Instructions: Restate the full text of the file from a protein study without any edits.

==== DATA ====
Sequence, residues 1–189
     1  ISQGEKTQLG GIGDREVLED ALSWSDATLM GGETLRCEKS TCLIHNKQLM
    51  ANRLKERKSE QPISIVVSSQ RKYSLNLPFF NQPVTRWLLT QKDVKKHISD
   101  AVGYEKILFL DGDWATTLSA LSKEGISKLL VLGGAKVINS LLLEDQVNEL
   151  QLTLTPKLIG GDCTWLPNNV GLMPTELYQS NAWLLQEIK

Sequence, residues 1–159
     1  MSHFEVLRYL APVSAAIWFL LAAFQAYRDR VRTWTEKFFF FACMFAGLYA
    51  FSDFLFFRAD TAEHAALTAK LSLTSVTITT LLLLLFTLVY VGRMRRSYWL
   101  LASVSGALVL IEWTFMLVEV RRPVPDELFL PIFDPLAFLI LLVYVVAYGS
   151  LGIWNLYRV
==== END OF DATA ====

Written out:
Sequence, residues 1–189
     1  ISQGEKTQLG GIGDREVLED ALSWSDATLM GGETLRCEKS TCLIHNKQLM
    51  ANRLKERKSE QPISIVVSSQ RKYSLNLPFF NQPVTRWLLT QKDVKKHISD
   101  AVGYEKILFL DGDWATTLSA LSKEGISKLL VLGGAKVINS LLLEDQVNEL
   151  QLTLTPKLIG GDCTWLPNNV GLMPTELYQS NAWLLQEIK

Sequence, residues 1–159
     1  MSHFEVLRYL APVSAAIWFL LAAFQAYRDR VRTWTEKFFF FACMFAGLYA
    51  FSDFLFFRAD TAEHAALTAK LSLTSVTITT LLLLLFTLVY VGRMRRSYWL
   101  LASVSGALVL IEWTFMLVEV RRPVPDELFL PIFDPLAFLI LLVYVVAYGS
   151  LGIWNLYRV